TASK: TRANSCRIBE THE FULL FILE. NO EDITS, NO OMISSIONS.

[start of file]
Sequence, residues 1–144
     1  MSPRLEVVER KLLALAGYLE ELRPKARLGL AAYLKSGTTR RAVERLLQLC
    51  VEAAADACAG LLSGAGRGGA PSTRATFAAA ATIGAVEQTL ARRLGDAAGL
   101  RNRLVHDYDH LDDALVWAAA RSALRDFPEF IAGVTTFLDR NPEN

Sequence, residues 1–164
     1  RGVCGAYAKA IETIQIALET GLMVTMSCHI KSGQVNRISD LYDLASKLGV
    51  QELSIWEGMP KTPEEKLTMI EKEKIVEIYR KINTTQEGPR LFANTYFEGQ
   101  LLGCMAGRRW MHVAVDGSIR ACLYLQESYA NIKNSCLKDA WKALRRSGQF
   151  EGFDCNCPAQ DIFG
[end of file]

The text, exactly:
Sequence, residues 1–144
     1  MSPRLEVVER KLLALAGYLE ELRPKARLGL AAYLKSGTTR RAVERLLQLC
    51  VEAAADACAG LLSGAGRGGA PSTRATFAAA ATIGAVEQTL ARRLGDAAGL
   101  RNRLVHDYDH LDDALVWAAA RSALRDFPEF IAGVTTFLDR NPEN

Sequence, residues 1–164
     1  RGVCGAYAKA IETIQIALET GLMVTMSCHI KSGQVNRISD LYDLASKLGV
    51  QELSIWEGMP KTPEEKLTMI EKEKIVEIYR KINTTQEGPR LFANTYFEGQ
   101  LLGCMAGRRW MHVAVDGSIR ACLYLQESYA NIKNSCLKDA WKALRRSGQF
   151  EGFDCNCPAQ DIFG